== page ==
It’s hard to be a leader right now. Between the current Omicron wave of infections, our continued national political dysfunction and what’s shaping up to be a harsh winter for much of the country, I’d argue that we’re facing a national moral problem.
People, especially those leading schools, are just plain tired of everything. We can’t wait to put all of this behind us.
Leaders are more aware than ever that just showing up – an act that is critically important to the long-term success of any educational organization – is no longer enough. Pre-Covid, a head of school was lauded for shaking hands in morning carpool. Now, every day, school leaders are juggling ever-changing safety protocol, ever-fluid admissions, and so much more. Daily habits from a few years ago can feel like a bygone era.
Where school leaders can show up right now.
I argue that the actions you take to be visible and genuinely engaged in your school community are essential now. The pandemic-version of waving, socially distanced should absolutely be on your daily schedule. Showing up can’t be faked. It may be difficult to carve out time from the high-level issues you are facing, but it’s necessary.
Students, teachers and parents notice when leaders take the time to be an authentic part of the daily school day. Showing up sends the message that you “practice what you preach.” And in these challenging times, it gives you an opportunity to have real-time conversations and lasting connections with your students and parents.
You have spent nearly two years in crisis mode, communicating ever-changing public health protocols and navigating your school through the unknown. The seemingly small acts of showing up – logging into a Zoom class to listen, talking with students in the hallway, connecting with parents at a sporting event – create a community and reservoir of trust.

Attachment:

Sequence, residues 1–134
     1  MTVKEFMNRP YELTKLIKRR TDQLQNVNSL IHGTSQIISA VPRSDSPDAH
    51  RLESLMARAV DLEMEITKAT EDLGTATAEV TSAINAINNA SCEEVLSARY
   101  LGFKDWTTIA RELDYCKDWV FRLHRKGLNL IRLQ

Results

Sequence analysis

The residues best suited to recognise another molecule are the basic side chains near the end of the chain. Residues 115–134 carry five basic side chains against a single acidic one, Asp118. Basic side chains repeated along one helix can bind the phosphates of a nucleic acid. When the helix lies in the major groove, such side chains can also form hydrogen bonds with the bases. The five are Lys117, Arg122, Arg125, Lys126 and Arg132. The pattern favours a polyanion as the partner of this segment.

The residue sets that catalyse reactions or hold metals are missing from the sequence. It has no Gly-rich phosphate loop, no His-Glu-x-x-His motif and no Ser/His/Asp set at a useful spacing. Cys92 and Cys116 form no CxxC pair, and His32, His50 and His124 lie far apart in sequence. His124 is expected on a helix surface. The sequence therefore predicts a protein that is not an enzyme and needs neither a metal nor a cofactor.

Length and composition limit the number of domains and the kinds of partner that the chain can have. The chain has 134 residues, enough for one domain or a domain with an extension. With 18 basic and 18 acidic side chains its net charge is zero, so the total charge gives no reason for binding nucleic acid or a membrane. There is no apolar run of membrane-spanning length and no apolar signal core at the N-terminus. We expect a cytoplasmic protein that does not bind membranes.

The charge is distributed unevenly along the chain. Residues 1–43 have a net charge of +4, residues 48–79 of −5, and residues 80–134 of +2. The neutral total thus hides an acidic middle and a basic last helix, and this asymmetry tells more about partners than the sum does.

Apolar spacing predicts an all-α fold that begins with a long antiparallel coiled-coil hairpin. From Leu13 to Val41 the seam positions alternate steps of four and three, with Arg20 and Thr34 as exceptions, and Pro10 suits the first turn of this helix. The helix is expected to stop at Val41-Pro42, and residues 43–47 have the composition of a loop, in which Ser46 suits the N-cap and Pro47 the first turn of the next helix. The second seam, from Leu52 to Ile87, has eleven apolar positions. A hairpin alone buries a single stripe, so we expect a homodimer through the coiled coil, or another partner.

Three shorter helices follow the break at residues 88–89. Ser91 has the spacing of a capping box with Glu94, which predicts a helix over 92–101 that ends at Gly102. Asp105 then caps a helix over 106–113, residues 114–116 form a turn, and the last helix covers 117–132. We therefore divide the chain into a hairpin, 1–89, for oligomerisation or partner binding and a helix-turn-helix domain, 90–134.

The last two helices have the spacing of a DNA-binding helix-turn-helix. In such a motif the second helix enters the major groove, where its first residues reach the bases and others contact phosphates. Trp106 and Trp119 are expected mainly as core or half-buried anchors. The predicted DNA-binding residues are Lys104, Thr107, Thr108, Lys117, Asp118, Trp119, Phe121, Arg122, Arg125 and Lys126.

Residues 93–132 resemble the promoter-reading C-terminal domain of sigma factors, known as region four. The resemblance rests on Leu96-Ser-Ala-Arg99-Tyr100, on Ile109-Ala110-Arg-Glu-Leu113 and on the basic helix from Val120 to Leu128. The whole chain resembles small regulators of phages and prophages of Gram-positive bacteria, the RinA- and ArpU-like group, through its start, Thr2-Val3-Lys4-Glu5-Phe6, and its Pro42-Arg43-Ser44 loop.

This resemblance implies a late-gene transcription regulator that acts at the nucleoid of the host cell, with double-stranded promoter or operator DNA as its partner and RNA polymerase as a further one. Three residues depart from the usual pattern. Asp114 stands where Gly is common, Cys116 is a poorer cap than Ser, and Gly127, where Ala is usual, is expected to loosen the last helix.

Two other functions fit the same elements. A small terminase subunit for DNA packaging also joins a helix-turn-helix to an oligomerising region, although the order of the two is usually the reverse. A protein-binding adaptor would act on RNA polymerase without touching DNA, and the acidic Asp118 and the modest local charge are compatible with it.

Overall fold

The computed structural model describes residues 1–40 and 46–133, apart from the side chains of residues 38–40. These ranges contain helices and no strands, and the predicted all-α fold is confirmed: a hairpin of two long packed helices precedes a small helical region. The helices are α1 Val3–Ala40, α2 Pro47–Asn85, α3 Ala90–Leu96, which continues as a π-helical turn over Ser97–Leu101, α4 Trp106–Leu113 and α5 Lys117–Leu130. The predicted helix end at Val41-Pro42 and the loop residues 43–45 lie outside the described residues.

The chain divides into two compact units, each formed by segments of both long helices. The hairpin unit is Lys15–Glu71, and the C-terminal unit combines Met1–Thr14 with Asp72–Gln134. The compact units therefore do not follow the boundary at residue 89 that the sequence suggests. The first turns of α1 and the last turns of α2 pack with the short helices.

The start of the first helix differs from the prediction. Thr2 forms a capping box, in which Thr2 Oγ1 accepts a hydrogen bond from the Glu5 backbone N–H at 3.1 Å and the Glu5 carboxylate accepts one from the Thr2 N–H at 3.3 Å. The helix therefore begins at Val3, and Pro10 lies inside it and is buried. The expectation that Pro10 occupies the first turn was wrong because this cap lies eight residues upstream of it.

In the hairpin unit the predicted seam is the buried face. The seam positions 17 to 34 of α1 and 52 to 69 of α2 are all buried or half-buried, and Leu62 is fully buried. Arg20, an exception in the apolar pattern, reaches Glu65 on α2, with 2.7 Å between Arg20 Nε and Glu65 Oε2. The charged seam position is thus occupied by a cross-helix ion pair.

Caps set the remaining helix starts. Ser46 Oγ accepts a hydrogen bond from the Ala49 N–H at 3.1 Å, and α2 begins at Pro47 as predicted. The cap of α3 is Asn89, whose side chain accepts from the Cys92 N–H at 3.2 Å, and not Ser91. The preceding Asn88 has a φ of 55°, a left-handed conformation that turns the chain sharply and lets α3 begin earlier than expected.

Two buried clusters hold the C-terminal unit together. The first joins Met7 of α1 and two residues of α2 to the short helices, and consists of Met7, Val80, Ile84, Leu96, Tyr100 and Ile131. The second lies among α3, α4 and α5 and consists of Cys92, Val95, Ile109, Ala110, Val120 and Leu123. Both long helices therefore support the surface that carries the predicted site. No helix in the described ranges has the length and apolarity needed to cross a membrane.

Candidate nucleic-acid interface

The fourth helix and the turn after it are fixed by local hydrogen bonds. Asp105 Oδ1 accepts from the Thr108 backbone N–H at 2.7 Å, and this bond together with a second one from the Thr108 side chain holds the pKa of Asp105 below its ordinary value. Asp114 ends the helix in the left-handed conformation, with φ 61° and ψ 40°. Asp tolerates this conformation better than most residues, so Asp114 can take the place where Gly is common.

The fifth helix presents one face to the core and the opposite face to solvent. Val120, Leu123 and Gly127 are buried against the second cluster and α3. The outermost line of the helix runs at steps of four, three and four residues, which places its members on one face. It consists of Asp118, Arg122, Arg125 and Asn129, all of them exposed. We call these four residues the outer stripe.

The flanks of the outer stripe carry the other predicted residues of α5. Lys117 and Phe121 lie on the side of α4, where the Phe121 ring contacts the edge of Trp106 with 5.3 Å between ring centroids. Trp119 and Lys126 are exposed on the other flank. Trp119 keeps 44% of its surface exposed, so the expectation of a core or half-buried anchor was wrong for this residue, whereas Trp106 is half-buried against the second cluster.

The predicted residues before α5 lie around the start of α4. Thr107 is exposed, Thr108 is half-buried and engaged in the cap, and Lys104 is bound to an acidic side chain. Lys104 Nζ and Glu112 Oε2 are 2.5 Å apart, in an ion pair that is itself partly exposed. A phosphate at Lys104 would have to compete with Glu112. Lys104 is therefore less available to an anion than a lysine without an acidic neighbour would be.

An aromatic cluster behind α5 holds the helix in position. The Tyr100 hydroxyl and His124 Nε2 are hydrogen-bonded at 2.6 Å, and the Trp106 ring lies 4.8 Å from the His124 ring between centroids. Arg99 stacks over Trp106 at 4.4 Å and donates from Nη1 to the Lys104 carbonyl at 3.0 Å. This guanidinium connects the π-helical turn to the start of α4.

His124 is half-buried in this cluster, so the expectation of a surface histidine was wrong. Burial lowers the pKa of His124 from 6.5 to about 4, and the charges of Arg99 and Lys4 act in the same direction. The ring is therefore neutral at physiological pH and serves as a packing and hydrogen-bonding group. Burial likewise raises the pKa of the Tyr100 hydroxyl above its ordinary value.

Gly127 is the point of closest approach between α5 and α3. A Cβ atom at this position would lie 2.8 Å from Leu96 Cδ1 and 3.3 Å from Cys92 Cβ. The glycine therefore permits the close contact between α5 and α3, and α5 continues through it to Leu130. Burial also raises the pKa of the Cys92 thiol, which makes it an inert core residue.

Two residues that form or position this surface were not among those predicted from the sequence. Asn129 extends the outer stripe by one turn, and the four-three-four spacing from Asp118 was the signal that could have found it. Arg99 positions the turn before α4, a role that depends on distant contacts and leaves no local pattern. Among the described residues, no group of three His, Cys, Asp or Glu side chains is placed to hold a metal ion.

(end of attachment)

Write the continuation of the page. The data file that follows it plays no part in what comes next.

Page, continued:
Trust is “the coin of the realm,” right now and always, says G. Peter O’Neill, Jr., former longtime head of school and executive coach with Carney-Sandoe. I interviewed him last June for Kalix’s Leading Voices video series. The sage advice he shared for school leaders could’ve been spoken last week.
“Don’t put off until tomorrow what YOU CAN do today.” ~Benjamin Franklin
The next logical step after showing up is doing something. I am not talking about all the big things you are doing right now to keep your community safe and the important business of learning/teaching moving forward. I am talking about the times when, as the leader of your community, you’ve noticed something is off. Perhaps you just walked down a hallway that looked tired and outdated and could use a fresh coat of paint. If you notice it, your students, teachers and parents do, too.
What would it mean, especially right now, to your community if you address the “little” things as well as lead on the big issues? Don’t add it to a list of summer campus improvement projects. Make it happen now.
Why school leaders should address the “little” things too.
In this age of technology, we can’t forget that sometimes the simplest form of communication can have the most impact. You’ve just come back from having a socially distanced lunch in your dining hall and spoke with a new, young faculty member who is stressed but pushing forward despite Covid in doing some innovative things in the classroom. How powerful would it be if you wrote this colleague a short, hand-written note thanking them for keeping their students highly motivated? People remember the little things. And people need this acknowledgement right now. Make it happen today.
Another example of showing up + doing something = trust/community building: You’ve heard from one of your division heads that a school parent is very ill and is in the hospital. Pick up the phone and call the family to let them know you are here to help. Even if you leave a simple voice mail, that can mean a great deal. Tell the family that you’ve organized a food chain and dinner will be delivered for the next week by the parent association. Yes, you can make that happen as well.
Leadership is not easy. At times it can feel very lonely. Today’s challenges demand that you are doing everything possible to lead from the front and not the rear. The small things do matter. They can make a major difference to a student, faculty member or a parent. Acts of empathy and friendliness are needed now. Make it happen.